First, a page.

# Gated Linear Units (GLU) and Gated CNN

## Introduction

I created an implementation for CycleGAN based voice conversion a few years ago. In the neural network, the original authors used a new gating mechanism to control the information flow, which is somewhat similar to the self-attention mechanism we are using today. The gating mechanism is called Gated Linear Units (GLU), which was first introduced for natural language processing in the paper “Language Modeling with Gated Convolutional Networks”. The major difference between gating and self-attention is that gating only controls the bandwidth of information flow of a single neuron, while self-attention gathers information from a couple of different neurons.

Although GLU turns out to be intrinsically simple, the description of GLU from the original paper has been confusing to some of the readers. When I worked on the CycleGAN based voice conversion, I did not implement correctly for the first time. After a few years when I looked back at the paper, I almost misunderstood it again. The official PyTorch GLU function was also very confusing to the users.

In this blog post, I would like to walk through the GLU mechanism and elucidate some of the confusing parts in the original paper.

## Gated Linear Units (GLU)

### Mathematical Definition

In the original paper, given an input tensor, the hidden layer after the Gated CNN is as follows.

$$

\begin{align}

h(\mathbf{X}) = (\mathbf{X} \ast \mathbf{W} + \mathbf{b}) \otimes \sigma(\mathbf{X} \ast \mathbf{V} + \mathbf{c})

\end{align}

$$

where $m$, $n$ are respectively the number of input and output feature maps and $k$ is the patch size. Here, the number of input and output feature maps is just the number of channels, $k$ is just the kernel size, $\sigma$ is the sigmoid function, and $\otimes$ is the Hadamard product operator. $\mathbf{X} \in \mathbb{R}^{N \times m}$, $\mathbf{W} \in \mathbb{R}^{k \times m \times n}$, $\mathbf{b} \in \mathbb{R}^{n}$, $\mathbf{V} \in \mathbb{R}^{k \times m \times n}$, $\mathbf{c} \in \mathbb{R}^{n}$. Note that in this notation, the batch size is omitted.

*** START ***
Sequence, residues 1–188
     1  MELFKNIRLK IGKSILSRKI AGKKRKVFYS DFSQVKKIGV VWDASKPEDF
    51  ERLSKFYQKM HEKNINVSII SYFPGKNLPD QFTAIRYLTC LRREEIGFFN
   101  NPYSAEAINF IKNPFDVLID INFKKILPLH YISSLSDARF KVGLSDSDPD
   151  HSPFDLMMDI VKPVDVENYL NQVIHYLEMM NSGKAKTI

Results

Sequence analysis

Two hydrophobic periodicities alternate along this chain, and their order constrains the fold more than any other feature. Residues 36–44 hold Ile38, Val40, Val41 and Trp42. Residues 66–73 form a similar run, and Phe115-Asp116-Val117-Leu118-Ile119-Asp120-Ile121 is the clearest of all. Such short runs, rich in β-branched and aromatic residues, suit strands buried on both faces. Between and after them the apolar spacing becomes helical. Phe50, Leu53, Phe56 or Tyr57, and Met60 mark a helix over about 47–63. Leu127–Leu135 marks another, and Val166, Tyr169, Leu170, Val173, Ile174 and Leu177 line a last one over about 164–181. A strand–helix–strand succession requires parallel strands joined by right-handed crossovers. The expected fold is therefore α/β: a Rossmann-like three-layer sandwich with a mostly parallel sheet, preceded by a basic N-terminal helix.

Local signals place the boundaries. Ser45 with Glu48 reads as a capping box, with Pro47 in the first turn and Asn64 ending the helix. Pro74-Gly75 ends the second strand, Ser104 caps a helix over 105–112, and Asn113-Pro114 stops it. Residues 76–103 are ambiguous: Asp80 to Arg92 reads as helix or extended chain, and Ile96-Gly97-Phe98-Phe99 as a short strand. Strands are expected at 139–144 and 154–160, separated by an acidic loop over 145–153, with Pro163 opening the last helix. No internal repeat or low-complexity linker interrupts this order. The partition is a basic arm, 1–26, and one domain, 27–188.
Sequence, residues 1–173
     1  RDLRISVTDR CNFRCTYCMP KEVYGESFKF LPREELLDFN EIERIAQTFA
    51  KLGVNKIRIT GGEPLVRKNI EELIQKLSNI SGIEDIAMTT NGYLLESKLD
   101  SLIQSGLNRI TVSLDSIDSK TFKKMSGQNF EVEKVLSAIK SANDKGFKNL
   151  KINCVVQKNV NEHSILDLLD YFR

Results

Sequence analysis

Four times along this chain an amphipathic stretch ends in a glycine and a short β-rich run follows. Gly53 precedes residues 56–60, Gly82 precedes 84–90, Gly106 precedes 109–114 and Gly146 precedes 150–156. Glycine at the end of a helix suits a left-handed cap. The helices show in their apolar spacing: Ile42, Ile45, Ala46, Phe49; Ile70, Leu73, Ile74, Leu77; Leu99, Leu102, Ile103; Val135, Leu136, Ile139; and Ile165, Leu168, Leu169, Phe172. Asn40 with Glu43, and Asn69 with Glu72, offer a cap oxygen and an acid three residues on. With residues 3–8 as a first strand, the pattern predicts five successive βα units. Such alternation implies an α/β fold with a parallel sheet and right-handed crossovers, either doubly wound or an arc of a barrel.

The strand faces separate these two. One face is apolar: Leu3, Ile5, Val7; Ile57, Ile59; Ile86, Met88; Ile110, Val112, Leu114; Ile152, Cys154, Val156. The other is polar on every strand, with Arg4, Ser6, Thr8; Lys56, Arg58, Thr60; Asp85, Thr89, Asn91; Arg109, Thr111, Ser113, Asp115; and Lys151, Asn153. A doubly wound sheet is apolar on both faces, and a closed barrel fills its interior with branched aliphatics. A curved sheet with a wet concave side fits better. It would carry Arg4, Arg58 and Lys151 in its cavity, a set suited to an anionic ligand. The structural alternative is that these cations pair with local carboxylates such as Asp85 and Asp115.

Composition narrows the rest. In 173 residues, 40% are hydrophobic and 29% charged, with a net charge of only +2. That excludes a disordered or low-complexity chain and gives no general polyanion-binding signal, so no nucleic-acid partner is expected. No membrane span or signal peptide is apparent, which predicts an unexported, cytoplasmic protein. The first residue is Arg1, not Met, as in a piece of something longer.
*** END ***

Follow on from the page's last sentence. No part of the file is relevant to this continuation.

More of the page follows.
Note that $\ast$ is not the symbol for tensor multiplication, it just denotes an operator between the two tensors on its two sides. (I know this is confusing!) In our context, $\ast$ is just a convolution operator. For 1D convolutions, the filter $\mathbf{W}$ has $k \times m \times n$ parameters, and the filter $\mathbf{V}$ also has $k \times m \times n$ parameters.

Usually, Gated CNN is conducted using 1D convolutions, where the input tensor $\mathbf{X}$ has dimensions of $[B,m,N]$, where $B$ is the batch size, $m$ is the number of channels, most likely the size of an embedding vector, and $N$ is the length of the token sequence.

OK, then the GLU mechanism should be simple and clear. Given a tensor, we do two independent convolutions and get two outputs. We further do an additional sigmoid activation for one of the outputs, and element-wise multiply the two outputs together.

### Misleading Figure

The following figure illustrating Gated CNN and GLU, which I think is confusing, was copied from the original paper.

It looks as if the input tensor was split into two fractions, followed by convolutions and gating. However, this is wrong. If you look closer, you would find that the embedding vector size in the “Lookup Table” is 5, which could not be evenly split into two fractions for gating.

If I understand the figure correctly, the number of input channels from the input $\mathbf{E}$ is 5, and the number of output channels is 3. The author did not spend time to just separate the two outputs in the “Convolution” block and that is why the reader find it confusing. The last “Softmax” block is also confusing, since it reuses the symbol $\mathbf{W}$. However, this $\mathbf{W}$ has nothing to do with the previous $\mathbf{W}$ in the figure.

## FAQs

### PyTorch GLU Function

The official PyTorch GLU function split a given tensor evenly into two tensors along the specified dimension, does sigmoid for the second tensor and multiplied by the first tensor. If the user concatenates the two outputs from the two independent CNNs, and feed the concatenated tensor to the PyTorch GLU function, there would be nothing wrong. However, it is extremely confusing to readers because this concatenation step is actually not required to perform a correct GLU.

## Conclusions

GLU simply refers to the step of computing $h(\mathbf{X})$. Gated CNN wraps the two independent CNNs and the GLU.

Gated CNN and GLU is simple and we should not be confused about them.

Gated Linear Units (GLU) and Gated CNN